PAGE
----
Ever since it became clear that the Democrats would lose on the Iraq Supplemental funding bill, the netroots have been struggling with how to assess the damage and regroup. There is very little confidence in the prevailing media narrative that September will be different, because by then a sufficient number of Repubicans will join anti-war Democrats in imposing binding restraints on the President's ability to continue his Iraq occupation. The debate is how much emphasis progressives should place on the anti-war movement itself, and how much on positioning the Democrats to capture the White House and expand their Congressional majorities. Is there a strategy for doing both, or must we choose?

The American people elected Democrats to end the occupation, but they did not elect enough Democrats to do that over the obstinance of a President and delusions of his Vice President and those who cheer him on. We don't have the votes to overcome a veto, yet, and so strategies in the future must deal with that.

It seems to me the House leadership came up with a strategy that first recognized this reality but allowed its members to vote against the open-ended occupuation while voting for needed domestic programs, including a much needed increase in the minimum wage. Had the leadership trusted its base enough to level with them, and not tried to suger coat the reality by claiming all was well, they'd have been in better shape with us today. Those who tried to fool us, Steney Hoyer and Rahm Emanuel, hurt the party. We should let Pelosi know that demoting those who hurt the party and promoting those who support what needs to be done have our support.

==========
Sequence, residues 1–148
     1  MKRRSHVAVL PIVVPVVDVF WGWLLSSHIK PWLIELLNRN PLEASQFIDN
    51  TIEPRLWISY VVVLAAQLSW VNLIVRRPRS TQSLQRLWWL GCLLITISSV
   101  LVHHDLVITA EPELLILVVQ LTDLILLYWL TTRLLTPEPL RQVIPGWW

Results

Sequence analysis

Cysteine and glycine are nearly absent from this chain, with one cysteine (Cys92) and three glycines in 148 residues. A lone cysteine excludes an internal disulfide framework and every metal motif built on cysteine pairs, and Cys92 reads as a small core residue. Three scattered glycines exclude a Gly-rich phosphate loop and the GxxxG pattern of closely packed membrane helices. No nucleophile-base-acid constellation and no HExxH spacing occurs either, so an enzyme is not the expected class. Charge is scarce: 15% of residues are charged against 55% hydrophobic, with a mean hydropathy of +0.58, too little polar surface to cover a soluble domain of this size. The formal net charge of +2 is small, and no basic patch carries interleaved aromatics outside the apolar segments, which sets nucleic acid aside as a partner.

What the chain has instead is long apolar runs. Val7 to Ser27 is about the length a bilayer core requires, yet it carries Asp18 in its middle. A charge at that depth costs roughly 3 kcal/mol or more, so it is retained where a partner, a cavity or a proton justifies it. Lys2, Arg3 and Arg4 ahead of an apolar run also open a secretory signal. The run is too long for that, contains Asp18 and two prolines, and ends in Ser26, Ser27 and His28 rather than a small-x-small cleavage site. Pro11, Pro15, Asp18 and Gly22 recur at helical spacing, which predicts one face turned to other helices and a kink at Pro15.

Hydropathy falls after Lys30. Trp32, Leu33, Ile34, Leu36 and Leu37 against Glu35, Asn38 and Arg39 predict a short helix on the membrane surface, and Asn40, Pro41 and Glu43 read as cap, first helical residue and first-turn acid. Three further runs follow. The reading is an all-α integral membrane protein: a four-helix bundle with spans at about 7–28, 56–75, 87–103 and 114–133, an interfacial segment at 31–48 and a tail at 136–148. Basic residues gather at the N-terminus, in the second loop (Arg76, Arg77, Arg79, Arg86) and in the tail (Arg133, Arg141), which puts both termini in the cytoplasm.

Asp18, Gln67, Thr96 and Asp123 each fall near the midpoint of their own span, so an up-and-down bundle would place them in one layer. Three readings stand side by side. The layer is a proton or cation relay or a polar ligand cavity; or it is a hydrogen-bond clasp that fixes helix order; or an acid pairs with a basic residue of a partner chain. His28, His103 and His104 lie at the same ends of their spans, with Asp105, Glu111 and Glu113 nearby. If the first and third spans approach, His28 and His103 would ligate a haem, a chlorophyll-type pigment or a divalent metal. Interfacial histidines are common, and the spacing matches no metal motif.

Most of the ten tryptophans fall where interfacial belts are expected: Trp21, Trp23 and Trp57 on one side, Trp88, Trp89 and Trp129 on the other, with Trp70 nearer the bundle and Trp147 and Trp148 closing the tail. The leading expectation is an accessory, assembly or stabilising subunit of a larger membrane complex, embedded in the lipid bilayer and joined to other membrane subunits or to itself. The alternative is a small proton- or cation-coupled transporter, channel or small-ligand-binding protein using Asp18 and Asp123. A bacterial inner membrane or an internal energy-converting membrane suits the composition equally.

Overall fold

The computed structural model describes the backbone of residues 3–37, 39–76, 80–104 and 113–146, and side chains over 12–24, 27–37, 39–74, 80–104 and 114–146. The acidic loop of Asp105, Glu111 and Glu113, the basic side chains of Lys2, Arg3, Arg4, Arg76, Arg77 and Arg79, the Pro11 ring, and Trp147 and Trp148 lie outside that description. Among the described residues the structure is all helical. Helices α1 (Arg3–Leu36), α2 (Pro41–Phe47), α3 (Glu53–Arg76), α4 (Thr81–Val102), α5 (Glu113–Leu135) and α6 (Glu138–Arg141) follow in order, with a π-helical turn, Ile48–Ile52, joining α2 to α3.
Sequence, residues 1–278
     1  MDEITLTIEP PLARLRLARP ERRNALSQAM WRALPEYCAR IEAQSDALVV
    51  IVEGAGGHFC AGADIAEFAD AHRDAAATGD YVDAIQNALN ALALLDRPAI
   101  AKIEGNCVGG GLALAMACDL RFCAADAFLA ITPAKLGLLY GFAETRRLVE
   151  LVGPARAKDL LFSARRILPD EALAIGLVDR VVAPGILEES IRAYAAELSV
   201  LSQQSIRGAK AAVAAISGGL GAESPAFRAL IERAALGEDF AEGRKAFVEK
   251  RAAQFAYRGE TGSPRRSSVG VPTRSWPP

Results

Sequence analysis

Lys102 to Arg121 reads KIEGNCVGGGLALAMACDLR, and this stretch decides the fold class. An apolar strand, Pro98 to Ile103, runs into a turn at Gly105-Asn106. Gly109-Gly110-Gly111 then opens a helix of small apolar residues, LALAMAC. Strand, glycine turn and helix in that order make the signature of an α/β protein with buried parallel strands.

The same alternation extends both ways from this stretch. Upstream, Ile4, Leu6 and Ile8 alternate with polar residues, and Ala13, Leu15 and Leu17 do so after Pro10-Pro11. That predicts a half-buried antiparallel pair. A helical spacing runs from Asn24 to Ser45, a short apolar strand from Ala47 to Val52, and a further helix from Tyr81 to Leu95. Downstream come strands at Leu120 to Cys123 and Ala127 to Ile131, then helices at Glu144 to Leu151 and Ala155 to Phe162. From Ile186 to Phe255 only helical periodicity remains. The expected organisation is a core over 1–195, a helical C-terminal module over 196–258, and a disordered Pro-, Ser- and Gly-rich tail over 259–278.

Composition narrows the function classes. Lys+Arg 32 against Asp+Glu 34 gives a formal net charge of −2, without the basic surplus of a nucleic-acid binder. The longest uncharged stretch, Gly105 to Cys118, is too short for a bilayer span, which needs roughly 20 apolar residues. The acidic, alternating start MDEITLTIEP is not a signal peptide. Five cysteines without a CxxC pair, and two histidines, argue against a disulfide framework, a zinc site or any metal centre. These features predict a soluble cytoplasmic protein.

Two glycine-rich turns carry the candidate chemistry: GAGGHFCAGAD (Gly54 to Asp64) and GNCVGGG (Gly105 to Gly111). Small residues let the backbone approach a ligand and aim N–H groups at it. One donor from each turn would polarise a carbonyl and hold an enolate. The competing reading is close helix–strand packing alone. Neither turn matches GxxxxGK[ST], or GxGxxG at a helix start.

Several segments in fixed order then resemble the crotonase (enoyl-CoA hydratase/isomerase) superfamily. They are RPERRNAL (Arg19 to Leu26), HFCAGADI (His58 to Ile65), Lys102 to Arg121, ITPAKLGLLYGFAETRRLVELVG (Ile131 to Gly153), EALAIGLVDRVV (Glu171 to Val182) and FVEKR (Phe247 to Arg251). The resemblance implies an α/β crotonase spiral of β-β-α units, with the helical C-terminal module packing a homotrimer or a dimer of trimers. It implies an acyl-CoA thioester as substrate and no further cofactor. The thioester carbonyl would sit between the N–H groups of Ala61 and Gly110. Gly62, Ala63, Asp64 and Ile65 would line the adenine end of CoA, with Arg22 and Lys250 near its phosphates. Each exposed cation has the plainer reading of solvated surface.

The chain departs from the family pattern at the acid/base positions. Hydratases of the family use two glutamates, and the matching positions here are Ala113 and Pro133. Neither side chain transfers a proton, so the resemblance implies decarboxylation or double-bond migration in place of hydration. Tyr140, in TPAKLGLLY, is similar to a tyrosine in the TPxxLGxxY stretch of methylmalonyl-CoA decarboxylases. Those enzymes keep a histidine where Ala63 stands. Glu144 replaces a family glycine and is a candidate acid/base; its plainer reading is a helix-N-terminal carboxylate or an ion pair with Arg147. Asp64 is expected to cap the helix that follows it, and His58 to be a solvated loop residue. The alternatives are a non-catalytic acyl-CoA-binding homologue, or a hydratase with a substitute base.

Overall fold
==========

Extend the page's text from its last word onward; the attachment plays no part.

The Senate leadership, however, failed us and failed its members badly. They were left with forcing their own Presidential candidates, with little support from their colleagues, with the choice of voting against the funding or voting against needed domestic programs, thus splitting Democrats from each other and driving a wedge between anti-war positions and domestic programs, and between the party and its most active base.

I like Harry Reid; I believe he's a decent man. But we need a stronger leadership team in the Senate, and I think we need to be calling for that now. We know we're going to face this same set of dilemmas in September, and this time, I expect our party to be better prepared — whether or not the Republicans finally begin to abandon the schizophrenic Bush/Cheney regime.

Meanwhile, eight more US troops were killed, pushing the May total, now near 100, towards the bloodiest month since the war began. There have been 1000 US troops killed since the last Memorial Day. It's a good thing we have a plan for how this ends.

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John has been writing for Firedoglake since 2006 or so, on whatever interests him. He has a law degree, worked as legal counsel and energy policy adviser for a state energy agency for 20 years and then as a consultant on electricity systems and markets. He's now retired, living in Massachusetts.

You can follow John on twitter: @JohnChandley